Melanie Veness: PCB CEO
Normally I come back from the South African Institute of International Affairs (SAIIA) National Council Meeting feeling inspired, but I must admit that I left last weeks’ meeting feeling rather somber.
It wasn’t the company that caused me to feel this way, rather the content of the SAIIA National Chairman, Mr Fred T Phaswana’s, annual address.
Phaswana is usually so positive, that what he had to say, while not unexpected, was all the harsher for him having said it.
He started by saying that 2016 marks 20 years since the adoption of our democratic constitution and he reminded us that its adoption was ushered in by a rousing speech of then deputy president Thabo Mbeki’s, that embraced all the peoples of South Africa “in its moving definition of ‘I am an African’, and equally reminded us of our common humanity and the better angels of our nature that moved us to overcome human foibles and rise to construct a constitution that recognized the individual dignity of all human beings”.
He went on to say that of course the constitution could not, by its simple adoption, eradicate 300 years of oppression or wipe out poverty and societal injustices overnight, but, he pointed out, that it did lay the foundation of a new democratic state based on the rule of law, where individual dignity is respected, where arbitrary decisions are no longer the order of the day, and that envisioned a citizenry with self-esteem, and respect for others and their differences.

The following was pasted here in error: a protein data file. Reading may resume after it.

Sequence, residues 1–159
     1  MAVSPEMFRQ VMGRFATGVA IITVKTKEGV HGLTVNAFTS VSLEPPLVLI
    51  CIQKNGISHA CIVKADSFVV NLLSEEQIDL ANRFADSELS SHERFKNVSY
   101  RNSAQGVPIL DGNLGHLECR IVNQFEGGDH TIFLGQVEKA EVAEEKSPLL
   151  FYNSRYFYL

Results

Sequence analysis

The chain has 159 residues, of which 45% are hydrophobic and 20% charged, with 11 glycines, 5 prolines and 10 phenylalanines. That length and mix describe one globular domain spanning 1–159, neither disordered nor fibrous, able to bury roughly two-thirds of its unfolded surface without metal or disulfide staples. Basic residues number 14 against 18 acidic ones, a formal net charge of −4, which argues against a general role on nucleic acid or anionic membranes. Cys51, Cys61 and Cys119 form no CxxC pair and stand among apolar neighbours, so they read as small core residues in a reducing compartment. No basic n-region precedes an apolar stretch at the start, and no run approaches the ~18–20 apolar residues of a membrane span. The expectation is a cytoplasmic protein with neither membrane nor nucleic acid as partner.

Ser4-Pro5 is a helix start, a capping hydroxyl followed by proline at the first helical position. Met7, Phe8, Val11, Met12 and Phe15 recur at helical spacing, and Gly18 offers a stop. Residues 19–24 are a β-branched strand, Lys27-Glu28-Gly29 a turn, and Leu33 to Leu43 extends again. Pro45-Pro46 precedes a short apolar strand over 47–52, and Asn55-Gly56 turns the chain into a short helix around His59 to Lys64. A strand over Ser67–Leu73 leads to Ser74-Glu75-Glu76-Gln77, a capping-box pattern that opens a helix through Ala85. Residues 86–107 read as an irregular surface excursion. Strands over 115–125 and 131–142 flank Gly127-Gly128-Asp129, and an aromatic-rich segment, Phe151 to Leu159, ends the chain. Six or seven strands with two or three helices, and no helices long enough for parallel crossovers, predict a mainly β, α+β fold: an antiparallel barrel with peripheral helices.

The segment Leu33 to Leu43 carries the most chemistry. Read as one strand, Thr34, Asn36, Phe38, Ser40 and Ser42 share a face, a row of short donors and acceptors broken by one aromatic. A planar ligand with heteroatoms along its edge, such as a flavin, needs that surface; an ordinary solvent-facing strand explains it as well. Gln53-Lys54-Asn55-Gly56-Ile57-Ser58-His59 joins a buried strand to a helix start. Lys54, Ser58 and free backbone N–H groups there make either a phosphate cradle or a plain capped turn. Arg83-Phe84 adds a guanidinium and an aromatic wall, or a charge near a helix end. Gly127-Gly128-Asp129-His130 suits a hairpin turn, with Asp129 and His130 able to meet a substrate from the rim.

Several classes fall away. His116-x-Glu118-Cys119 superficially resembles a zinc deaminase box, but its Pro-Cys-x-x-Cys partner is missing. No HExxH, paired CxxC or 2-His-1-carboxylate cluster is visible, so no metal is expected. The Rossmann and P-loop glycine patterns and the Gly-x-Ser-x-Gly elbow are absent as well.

He said that we’ve come a long way since then, but that more recent efforts have been characterized by “complacency, discordance and even arrogance”, that “corruption and elite capture of the state have seeped into the body politic” and that“ institutional actions to hold actors accountable are berated and belittled for revealing a hidden political, racist, factionalist agenda, rather than asserting constitutionalism”.
The position, for example, that we are adopting with respect to the International Criminal Court, according to the Chairman, erodes years of progress on one of the very real political challenges of our time – reducing the impunity of leaders. And, there is no shortage of examples of the consequences of leaders’ impunity – untold violence and conflict.
He further said that “chronic unemployment and an education sector still mired in mediocrity condemn our youth to a life of no tomorrow”. “Racism, already simmering under the surface, becomes the easy vent; demagoguery, the refuge of the rash; and xenophobia, the language of the marginalized”.
This, he said, is what the public conversation has descended to. What a sad indictment on all of us.
According to Phaswana: “we have entered the winter of our discontent”.
He went on to say that we ignore at our peril the fact that the dignity of the individual cannot be separated from one’s material well-being.
And what’s more, the current state of affairs provides fertile ground for the rise of populism. True leadership, according to Phaswana, lies in making the hard calls (especially during an election year), not deferring to interminable commissions or resorting to populism that divides society, rather than uniting it.
He says that our country is crying out for leadership that rises above factionalism, that recommits to our founding document and that takes quick and appropriate action. We need a unifying narrative starting at the top. Only in this way can we reclaim the confidence of our citizenry and the international community, and our integrity in our international engagements.
We’re standing on the cusp and transformation is possible, if we all pull together and work in the best interests of the most vulnerable sections of our population.
It is possible, according to Phaswana, if we recommit to the high ideals, values and norms in which society ought to be anchored, which are good governance, democracy and human rights.
All I can say, is that what Fred said, is right.